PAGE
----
Pluto-Bound New Horizons Sees ChangesThe voyage of NASA's Pluto-bound New Horizons spacecraft through the Jupiter system earlier this year provided a bird's-eye view of a dynamic planet that has changed since the last close-up looks by NASA spacecraft.
New Horizons passed Jupiter on Feb. 28, riding the planet's gravity to boost its speed and shave three years off its trip to Pluto. It was the eighth spacecraft to visit Jupiter - but a combination of trajectory, timing and........Go to the Astronomy-blog (Added on 10/9/2007 9:03:01 PM)
Conditions 'Just Right' for Building an EarthAn Earth-like planet is likely forming 424 light-years away in a star system called HD 113766, say astronomers using NASA's Spitzer Space Telescope.
Researchers have discovered a huge belt of warm dust - enough to build a Mars-size planet or larger - swirling around a distant star that is just slightly more massive than our sun. The dust belt, which they suspect is clumping together into planets, is located in the middle of the system's........Go to the Astronomy-blog (Added on 10/4/2007 5:05:54 AM)
Extreme star cluster in new Hubble imagesThe gigantic nebula NGC 3603 hosts one of the most prominent, massive, young clusters in the Milky Way. Hubble has been observing this prime location for star formation studies.
NGC 3603 is located in the Carina spiral arm of the Milky Way, about 20 000 light-years from the Solar System.
Images from the NASA/ESA Hubble Space Telescope show a young star cluster surrounded by a vast region of dust and gas. Most of the bright stars in the........Go to the Astronomy-blog (Added on 10/2/2007 10:21:10 PM)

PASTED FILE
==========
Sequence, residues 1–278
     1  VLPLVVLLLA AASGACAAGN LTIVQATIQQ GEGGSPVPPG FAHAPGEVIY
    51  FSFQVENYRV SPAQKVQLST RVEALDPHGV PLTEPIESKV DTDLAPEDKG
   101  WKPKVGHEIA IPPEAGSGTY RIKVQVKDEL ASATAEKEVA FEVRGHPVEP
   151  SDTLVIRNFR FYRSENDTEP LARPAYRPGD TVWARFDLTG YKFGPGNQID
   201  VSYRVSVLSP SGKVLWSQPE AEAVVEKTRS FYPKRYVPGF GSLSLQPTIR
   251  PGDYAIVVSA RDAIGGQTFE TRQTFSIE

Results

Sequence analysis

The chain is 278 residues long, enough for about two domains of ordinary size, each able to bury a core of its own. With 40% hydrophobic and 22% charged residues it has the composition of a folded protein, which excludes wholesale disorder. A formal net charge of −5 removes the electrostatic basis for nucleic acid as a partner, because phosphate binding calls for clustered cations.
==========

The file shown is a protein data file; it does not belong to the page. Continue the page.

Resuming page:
'Embryonic Planets' Forming in Nearby Stellar SystemsAstronomers at the University of Rochester are pointing to three nearby stars they say may hold "embryonic planets"-a missing link in planet-formation theories.
As researchers try to piece together how our own planet came to be, they look to the forming planets of other star systems for clues. But astronomers have been unable to find evidence for one of the key stages of planet development, a period early in the planet's formation when it is........Go to the Astronomy-blog (Added on 10/1/2007 10:20:00 PM)
Cornucopia of Earth-sized PlanetsIn the Star Wars movies fictional planets are covered with forests, oceans, deserts, and volcanoes. But new models from a team of MIT, NASA, and Carnegie researchers begin to describe an even wider range of Earth-size planets that astronomers might actually be able to find in the near future.
Sara Seager, Massachusetts Institute of Technology, Cambridge, Mass.; Marc Kuchner, NASA Goddard Space Flight Center, Greenbelt, Md.; Catherine........Go to the Astronomy-blog (Added on 9/24/2007 10:11:07 PM)